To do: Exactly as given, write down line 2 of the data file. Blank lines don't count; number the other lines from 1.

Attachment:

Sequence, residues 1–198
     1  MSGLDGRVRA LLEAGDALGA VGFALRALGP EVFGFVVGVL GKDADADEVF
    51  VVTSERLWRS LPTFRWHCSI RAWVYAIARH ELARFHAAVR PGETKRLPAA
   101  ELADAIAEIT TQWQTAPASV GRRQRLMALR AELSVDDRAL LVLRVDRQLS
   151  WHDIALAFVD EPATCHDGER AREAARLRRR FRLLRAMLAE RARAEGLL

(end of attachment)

     1  MSGLDGRVRA LLEAGDALGA VGFALRALGP EVFGFVVGVL GKDADADEVF